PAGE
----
The chatter and hope amongst Quake fans is such that new threads about Diabolical were been banned from the official Quake Champions subreddit earlier this month.
As an observer and someone who grew up with many, many fond memories with Quake, Unreal and other shooters of its ilk, it’s heartbreaking to see things in this state. There’s still nothing quite like the pace, the adrenaline and the skill that Quake and games of its kind brings together. Quake fans have been holding onto that magic for decades, keeping the community alive even when the developers had moved on.
But new players aren’t biting. And the much bigger issue is that the arena shooter formula isn’t working, and nobody seems to have a solution to stop the rot.
Once you connect to a game, its rhythm, community and pacing, that game takes root. It’s a bit like falling in love with a film: you remember the one liners, the scenes, the iconic sets and costumes.
It’s the same for the games we love. You might pick up a new game, become invested in a new community. But the stories and moments that emerge there won’t replace the ones that emerged before. They can never replace that magic. Nothing can.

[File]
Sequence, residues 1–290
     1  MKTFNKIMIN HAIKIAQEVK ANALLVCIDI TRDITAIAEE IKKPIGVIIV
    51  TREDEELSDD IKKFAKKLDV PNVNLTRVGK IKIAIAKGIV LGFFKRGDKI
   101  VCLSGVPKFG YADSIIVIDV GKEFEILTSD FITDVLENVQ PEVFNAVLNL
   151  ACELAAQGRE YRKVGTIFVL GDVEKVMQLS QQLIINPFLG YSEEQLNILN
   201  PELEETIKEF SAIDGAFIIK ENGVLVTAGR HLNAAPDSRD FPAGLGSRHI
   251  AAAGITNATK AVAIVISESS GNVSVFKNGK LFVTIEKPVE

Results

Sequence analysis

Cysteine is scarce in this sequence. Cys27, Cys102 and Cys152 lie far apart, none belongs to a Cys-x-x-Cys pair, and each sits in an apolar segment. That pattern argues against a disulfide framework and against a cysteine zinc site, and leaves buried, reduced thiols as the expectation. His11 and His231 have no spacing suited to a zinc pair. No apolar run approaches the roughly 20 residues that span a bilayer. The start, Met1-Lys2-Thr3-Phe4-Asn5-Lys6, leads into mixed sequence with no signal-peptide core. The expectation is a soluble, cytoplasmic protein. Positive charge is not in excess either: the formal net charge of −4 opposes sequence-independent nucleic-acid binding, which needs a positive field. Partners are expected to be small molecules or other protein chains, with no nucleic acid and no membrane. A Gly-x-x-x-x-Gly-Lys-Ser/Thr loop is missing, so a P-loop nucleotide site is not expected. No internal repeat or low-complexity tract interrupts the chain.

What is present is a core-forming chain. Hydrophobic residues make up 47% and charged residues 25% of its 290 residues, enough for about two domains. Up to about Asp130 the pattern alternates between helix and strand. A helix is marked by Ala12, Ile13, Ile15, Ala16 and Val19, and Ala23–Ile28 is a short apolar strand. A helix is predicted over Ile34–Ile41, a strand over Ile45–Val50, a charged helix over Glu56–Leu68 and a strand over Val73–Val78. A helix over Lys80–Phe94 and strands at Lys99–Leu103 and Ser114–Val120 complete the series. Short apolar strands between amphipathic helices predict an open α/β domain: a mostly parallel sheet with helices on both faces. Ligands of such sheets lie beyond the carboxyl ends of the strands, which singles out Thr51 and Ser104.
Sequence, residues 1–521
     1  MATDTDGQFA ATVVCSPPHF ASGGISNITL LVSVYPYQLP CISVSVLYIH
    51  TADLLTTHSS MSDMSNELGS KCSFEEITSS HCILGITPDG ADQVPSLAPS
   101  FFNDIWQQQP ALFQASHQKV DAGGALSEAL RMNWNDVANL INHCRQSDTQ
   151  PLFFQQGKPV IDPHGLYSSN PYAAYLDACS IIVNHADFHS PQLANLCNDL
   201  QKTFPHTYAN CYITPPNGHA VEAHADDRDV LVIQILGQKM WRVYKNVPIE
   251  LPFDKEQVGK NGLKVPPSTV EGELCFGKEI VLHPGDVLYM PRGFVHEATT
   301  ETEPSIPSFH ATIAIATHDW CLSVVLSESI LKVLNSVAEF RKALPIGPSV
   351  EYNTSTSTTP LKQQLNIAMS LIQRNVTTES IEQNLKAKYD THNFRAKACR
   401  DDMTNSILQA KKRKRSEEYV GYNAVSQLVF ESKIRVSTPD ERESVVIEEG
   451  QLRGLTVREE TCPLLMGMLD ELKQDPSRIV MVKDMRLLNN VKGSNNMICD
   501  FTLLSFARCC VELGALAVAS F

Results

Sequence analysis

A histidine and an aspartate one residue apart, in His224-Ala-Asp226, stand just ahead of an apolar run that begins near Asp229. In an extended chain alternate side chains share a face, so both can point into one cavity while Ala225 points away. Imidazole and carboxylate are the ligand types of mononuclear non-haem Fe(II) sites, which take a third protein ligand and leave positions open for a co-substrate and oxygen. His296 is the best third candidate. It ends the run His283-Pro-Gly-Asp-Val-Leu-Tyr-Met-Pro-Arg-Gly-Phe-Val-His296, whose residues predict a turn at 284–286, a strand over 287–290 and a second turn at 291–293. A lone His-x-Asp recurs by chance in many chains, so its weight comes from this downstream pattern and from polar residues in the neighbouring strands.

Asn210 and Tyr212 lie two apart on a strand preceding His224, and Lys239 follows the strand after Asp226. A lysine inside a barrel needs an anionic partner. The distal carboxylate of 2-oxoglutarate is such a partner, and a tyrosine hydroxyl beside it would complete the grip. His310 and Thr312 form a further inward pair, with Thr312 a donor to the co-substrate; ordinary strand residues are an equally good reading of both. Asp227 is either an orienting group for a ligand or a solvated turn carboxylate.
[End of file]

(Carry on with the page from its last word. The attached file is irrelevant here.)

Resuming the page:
I can still remember laughing with friends over PangYa, a Korean golf MMO that had floating courses in the sky and tees on the Antarctic. I still remember leaning forward on the couch, furiously flicking the right stick on my Pro Controller backwards as I struggled to assert Chain Chomp’s dominance in the final round of a Mario Tennis Aces tournament.
And these memories, memories borne out of time and investment into particular game and their particular communities, will live on.
It’s a relationship and level of affection that isn’t attributed to video games. Whenever you hear games discussed in more clinical terms, or in mainstream discourse, it’s more of a parasitic approach. Games are addictive; games are wasting your time.
It’s never indicative of the sense of community, the challenge, the relief through adversity, or the joy that carries on.
Even when a game ceases to be, those highlights never fade.